# How far away can spacecraft be seen with an optical telescope?

note: For the purposes of this question "optical" means near-UV through thermal IR, let's say 0.1 to 30 microns.

In the question At what time in the Apollo 14 mission did the maneuver shown in this image happen, and what exactly was happening? I've included the image and information below. The caption says that Apollo 14 CM & LEM and the Saturn IV B were "40,000 miles from Earth" at the time, or about 64,000 km. @X's answer estimates this to be at about 03:02:29 into the mission.

Question: How far away can spacecraft be seen with an optical telescope?

note: For the purposes of this question "optical" means near-UV through thermal IR, let's say 0.1 to 30 microns, and "seen" means it's existence and position determined in some way, either via recorded digital or film image, photomultiplier, or even reliable reporting by an experienced visual astronomer.

In a search for information for this answer I received this google books link of Comment: The Relevance of Space, by Arthur Kantrowitz, Bulletin of the Atomic Scientists 197, 4 April 1971, pp 32-33. It includes the image below, I've retyped the caption for easier reading.

Apollo 14 (at arrow tip) is nothing more than a speck in the sky at 40,000 miles from Earth. This picture of the spacecraft was taken by Justus Dunlap of Northwestern University’s Corralitos Observatory, and shows the capsule separating from the S4B rocket. The capsule itself is visible as a pinpoint at the apex of the fan and the fan itself is expanding rocket exhaust.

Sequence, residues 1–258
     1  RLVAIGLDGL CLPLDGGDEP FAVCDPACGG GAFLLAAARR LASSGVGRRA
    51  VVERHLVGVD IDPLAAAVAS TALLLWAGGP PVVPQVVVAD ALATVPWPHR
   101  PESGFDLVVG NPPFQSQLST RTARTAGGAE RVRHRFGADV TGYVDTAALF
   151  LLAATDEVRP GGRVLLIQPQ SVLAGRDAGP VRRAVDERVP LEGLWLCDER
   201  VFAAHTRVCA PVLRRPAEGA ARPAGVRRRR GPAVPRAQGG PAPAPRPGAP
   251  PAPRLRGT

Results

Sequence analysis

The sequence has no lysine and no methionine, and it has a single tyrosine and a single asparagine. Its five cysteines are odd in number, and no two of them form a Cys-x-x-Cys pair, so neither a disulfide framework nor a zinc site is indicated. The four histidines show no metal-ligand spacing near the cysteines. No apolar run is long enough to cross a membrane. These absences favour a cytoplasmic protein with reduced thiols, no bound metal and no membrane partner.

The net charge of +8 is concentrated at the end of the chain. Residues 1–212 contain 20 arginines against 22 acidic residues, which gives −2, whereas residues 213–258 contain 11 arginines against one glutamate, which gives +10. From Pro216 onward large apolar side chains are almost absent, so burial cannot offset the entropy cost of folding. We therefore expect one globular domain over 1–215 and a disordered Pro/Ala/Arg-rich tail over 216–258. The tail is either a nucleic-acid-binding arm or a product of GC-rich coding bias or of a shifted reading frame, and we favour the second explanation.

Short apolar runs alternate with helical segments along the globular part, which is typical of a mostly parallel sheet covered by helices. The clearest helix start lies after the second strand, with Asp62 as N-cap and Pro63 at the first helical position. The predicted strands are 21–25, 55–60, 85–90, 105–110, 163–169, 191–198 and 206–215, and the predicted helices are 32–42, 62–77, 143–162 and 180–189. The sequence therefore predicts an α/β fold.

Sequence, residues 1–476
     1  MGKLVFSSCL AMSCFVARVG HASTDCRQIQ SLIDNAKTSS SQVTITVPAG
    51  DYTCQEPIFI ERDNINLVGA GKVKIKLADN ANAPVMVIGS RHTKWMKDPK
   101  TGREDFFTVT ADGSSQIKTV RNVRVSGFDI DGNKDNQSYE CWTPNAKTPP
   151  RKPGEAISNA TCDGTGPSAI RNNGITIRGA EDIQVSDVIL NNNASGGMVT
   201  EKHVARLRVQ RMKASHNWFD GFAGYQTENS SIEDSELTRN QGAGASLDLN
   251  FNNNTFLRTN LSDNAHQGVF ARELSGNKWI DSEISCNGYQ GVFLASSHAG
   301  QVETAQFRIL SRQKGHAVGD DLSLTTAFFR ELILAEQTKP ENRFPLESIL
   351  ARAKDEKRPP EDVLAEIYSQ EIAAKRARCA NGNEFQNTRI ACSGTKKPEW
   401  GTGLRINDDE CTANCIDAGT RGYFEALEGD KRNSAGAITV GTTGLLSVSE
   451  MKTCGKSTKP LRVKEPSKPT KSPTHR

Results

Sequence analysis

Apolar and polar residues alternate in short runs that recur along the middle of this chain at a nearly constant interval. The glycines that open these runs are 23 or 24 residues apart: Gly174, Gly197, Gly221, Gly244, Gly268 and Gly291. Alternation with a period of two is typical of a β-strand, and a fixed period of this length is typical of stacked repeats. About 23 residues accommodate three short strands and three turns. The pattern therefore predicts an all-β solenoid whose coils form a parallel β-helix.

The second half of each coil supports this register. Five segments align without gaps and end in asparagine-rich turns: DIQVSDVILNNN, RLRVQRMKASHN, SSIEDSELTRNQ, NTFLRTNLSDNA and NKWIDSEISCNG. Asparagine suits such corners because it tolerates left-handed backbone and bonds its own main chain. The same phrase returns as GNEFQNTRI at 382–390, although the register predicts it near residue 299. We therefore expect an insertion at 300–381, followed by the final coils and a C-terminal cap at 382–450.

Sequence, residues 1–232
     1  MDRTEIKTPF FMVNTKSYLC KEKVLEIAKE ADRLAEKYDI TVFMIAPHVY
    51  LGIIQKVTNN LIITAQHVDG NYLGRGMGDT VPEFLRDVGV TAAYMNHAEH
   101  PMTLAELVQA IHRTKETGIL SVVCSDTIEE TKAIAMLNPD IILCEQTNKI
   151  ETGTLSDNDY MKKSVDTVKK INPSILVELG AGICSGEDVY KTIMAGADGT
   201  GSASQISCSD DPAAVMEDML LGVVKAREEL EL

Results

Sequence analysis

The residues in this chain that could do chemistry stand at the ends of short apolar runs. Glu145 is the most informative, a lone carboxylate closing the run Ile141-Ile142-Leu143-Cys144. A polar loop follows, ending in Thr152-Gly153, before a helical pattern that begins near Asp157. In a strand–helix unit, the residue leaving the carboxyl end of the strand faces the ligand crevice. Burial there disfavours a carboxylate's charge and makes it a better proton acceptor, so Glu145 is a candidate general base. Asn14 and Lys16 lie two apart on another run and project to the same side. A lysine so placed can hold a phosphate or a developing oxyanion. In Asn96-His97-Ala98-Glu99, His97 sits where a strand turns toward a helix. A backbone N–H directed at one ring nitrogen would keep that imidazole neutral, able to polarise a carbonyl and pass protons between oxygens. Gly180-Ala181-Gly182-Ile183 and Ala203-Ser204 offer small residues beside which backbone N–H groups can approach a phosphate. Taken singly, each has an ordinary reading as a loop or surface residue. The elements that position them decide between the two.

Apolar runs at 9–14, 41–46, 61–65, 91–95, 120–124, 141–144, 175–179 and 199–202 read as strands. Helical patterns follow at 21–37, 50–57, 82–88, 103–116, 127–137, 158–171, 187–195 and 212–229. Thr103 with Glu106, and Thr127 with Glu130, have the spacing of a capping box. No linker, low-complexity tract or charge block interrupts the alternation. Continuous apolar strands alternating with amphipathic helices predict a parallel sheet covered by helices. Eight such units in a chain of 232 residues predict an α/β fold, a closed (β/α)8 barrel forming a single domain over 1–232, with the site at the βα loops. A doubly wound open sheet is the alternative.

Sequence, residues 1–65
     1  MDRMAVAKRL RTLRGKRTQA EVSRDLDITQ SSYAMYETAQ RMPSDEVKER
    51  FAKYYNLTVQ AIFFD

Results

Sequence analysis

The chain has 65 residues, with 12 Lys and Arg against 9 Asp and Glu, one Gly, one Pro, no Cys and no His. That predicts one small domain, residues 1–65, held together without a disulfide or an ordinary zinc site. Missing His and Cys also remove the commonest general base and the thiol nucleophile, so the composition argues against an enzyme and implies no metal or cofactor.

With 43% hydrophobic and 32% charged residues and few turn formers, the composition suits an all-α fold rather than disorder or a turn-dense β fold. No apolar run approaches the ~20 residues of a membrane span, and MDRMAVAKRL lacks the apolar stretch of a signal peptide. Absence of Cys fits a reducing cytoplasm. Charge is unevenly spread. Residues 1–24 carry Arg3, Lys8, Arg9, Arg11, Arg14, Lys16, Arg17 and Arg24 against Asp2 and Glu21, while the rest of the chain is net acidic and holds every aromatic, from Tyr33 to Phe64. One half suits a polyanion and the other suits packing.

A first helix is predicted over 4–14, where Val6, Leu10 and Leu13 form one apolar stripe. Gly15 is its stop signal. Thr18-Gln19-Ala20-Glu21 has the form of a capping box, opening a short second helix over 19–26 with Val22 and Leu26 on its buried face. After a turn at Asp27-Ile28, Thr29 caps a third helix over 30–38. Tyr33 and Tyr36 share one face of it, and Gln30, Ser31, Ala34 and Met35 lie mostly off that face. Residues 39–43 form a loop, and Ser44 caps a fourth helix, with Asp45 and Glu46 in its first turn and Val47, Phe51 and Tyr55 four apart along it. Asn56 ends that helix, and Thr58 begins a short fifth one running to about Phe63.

• duplicate of astronomy.stackexchange.com/questions/22764/…? – JohnHoltz Jan 7 at 13:42
• @JohnHoltz yes, it seems to be, good catch! And there are some very impressive distances there as well There isn't a mechanism to close this as duplicate of a question in another SE site, but it wouldn't be good to build up a second group of answers here either. So maybe if we can keep this question here as a pointer to your question, but close it so answers don't collect here, that would be the best way to go. What do you think? – uhoh Jan 7 at 13:48
• @JohnHoltz oh I was there 15 months ago, time flies. – uhoh Jan 7 at 13:54
• @JohnHoltz Without the ability to close a question on one site as a duplicate on another (only Physics and Chemistry can do this), I think this question should stay open since it is not an exact dupe by the same user and it is firmly on topic here. That said, anyone is welcome to make an answer summarizing and citing the information available on the other post. – called2voyage Jan 7 at 14:04
• @called2voyage I've posted this last night forgetting (already) that this had been discussed. This morning, re-realizing the situation, I started to post this here instead, and then realized I don't have control of accepting the correct answer once it's figured out. I don' t think there's any urgency here, but I'm curious what you think I should do next. Maybe just sit and wait? – uhoh Jan 13 at 0:00

See the post Whats the farthest distance a spacecraft has been detected (except by radio) on the Astronomy StackExchange. As of 2019 Jan 7, those answers list observations of OSIRIS-REX at 12 million km, the Rosetta at about 5 million kilometers, and the Gaia at about 1.5 million kilometers (observed "systematically" at the Earth-Sun L2 location).